The earliest commentary (bhasya) on the Bhagavad Gita that we have is that of the great scholar, Shankara, who lived in the 9th century CE, 1,300 years after the Buddha, at least 500 years after the final composition of the Gita. We must keep in mind that this is the view of historians. There are many who believe Shankara was a contemporary of Buddha and that the Gita is 5,000 years old.
Shankara marks a period in history when Buddhism was on the wane, the Puranic Hinduism was at its peak, and Islam was making inroads into India via sea-faring merchants in the south and warlords in the north. By this time both Buddhism and Hinduism had transformed rather dramatically, the rivals influencing the other to the extent that they had started mimicking rather than opposing each other, so much so that it was difficult for the common man to distinguish one from the other. This transformation took over a thousand years between the time that the Greeks came to India (3rd century BCE) and the Muslims started spreading their influence (10th century CE).
Buddhism had transformed from the old school (Thera-vada) to the great school (Maha-yana), having embraced the householder’s way: The life-rejecting Buddha had become the multi-armed, multi-headed saviour known as the Bodhisattva. Stories of Buddha’s previous lives (the Jatakas) were told when he displayed disproportionate compassion to fellow beings under trying circumstances. Buddha had rejected wife, child and family for wisdom. But the new trend saw an increased comfort with the feminine. The goddess of compassion, Tara, who takes one towards completeness (Paramita), appeared sometimes independently as a Bodhisattva, sometimes in intimate embrace, of the stern and stoic Buddha, who was also being increasingly visualised as a graceful dancer bearing the lotus, or holding the very assertive masculine thunderbolt (vajra) in one hand and the feminine rhythm-indicating bell (ghanta) in the other.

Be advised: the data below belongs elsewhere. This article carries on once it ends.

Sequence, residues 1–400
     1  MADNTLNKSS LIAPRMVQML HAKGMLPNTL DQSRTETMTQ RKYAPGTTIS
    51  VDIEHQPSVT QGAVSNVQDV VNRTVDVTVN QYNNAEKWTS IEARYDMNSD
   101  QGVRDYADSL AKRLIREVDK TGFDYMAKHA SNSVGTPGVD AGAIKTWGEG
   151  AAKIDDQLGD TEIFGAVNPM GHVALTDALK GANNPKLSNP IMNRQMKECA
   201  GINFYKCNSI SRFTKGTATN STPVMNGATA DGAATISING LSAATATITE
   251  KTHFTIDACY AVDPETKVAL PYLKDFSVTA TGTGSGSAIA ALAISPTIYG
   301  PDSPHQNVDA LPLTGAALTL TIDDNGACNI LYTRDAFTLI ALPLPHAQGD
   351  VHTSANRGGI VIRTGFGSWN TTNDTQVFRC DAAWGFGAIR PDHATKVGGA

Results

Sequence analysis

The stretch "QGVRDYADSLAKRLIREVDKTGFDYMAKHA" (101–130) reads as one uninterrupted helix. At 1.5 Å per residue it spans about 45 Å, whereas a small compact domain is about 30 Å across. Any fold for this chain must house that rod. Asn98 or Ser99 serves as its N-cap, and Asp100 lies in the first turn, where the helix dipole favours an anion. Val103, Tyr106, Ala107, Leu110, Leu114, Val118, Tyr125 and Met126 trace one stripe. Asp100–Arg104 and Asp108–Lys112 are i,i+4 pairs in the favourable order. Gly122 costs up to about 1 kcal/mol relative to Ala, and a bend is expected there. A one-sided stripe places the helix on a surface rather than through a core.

Shankara saw Gita as the essence of Vedanta, Vedic philosophy that saw the sensual and the material as delusion (maya), rather different from Tantra, Vedic philosophy that saw the sensual and the material as power (Shakti).
Devdutt Pattanaik is an Indian physician turned leadership consultant, mythologist, author and communicator whose works focus largely on the areas of myth, religion, mythology, and management.